What if we could consciously create a new pattern that allows us the space to feel terrible and to fail without the additional guilt and shame heaped on top? What if we could freely learn from our missteps and move forward with a smile and our self-respect intact?

Kristen Neff, a leading researcher and writer in the field of self-compassion, describes it as a coming together of three things (and I’m paraphrasing here):

  1. Nonjudgment.
  2. Feeling our feelings.
  3. Knowing we’re not alone.

So what if in those moments we feel we’ve messed up, we can silence our inner judge and wade out into the waters of compassion? Each one of us already has a deep basin of compassion and empathy inside us. Yes, even you. You may not know it, or see it for what it is, because you are typically using it to provide soothing and support for others when they are needing it. However, it exists inside you and can be used with and for yourself any time. Feel free to take a minute to let that sink in.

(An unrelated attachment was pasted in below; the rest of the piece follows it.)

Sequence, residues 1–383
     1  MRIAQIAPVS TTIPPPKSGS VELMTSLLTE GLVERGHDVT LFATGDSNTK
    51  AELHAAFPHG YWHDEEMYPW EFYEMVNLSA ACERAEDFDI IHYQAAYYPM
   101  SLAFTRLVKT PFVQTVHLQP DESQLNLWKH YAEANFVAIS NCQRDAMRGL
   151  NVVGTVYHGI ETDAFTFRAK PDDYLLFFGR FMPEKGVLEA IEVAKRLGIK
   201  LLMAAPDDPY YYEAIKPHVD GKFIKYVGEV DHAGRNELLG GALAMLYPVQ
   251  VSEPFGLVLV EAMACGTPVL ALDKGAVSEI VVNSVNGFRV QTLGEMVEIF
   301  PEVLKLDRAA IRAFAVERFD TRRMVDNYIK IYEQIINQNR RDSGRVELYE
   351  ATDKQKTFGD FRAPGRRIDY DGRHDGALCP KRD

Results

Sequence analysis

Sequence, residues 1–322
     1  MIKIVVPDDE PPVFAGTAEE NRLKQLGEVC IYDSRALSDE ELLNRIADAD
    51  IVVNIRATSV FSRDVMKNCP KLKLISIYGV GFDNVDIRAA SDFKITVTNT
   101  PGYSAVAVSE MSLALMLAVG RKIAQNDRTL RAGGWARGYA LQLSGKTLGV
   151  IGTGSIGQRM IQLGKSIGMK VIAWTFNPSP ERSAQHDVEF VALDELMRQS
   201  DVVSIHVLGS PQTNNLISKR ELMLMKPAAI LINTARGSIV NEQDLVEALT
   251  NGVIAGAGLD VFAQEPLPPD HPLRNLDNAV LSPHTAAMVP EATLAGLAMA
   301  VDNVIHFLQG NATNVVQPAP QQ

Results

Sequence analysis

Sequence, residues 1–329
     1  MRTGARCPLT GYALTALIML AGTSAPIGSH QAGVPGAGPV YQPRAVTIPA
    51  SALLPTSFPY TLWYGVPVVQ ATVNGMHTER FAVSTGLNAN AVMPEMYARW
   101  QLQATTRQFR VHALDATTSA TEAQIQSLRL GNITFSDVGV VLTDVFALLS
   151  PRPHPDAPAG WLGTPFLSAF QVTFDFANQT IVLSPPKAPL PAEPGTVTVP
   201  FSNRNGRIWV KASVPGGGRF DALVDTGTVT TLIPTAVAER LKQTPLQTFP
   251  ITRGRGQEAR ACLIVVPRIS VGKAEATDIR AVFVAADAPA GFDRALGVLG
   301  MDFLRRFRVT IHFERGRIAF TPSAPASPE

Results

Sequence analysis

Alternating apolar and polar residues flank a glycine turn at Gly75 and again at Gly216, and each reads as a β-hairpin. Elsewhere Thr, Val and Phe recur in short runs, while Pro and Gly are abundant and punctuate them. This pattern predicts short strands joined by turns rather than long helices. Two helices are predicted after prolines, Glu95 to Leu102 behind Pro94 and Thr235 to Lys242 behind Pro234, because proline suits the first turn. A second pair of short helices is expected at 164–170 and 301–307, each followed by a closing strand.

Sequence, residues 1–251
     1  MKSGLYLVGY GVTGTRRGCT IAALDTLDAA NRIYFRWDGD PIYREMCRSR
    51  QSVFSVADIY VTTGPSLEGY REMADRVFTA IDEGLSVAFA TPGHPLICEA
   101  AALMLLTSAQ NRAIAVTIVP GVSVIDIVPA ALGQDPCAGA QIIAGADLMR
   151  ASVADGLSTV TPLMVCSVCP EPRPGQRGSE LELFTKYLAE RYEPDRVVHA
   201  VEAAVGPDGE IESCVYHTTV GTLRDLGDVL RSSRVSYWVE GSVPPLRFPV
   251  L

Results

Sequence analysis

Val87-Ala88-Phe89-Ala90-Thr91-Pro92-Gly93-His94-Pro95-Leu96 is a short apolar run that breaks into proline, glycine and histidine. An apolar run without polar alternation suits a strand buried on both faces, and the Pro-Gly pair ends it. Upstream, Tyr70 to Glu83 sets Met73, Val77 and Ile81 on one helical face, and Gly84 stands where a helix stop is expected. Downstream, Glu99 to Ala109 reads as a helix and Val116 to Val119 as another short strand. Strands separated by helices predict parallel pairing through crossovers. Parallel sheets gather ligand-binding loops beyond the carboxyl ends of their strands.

It takes practice and maybe even permission to begin the process of turning your love inward. So let me start here by giving you permission to be kind to yourself — it’s going to benefit you, and that’s amazing. It’s also going to benefit those around you as you inspire them with your self-love. Show them how it’s done, eh?

For me, the upward spiral of self-compassion begins with noticing that I’m struggling in the first place. Begin by paying attention to tension in your body or negative thoughts that signal irritation, frustration, exhaustion, worry or any other stressful situation. When you notice yourself going to a dark place, remind yourself that part of our human experience is to feel big feelings: awesome joy and deep sorrow.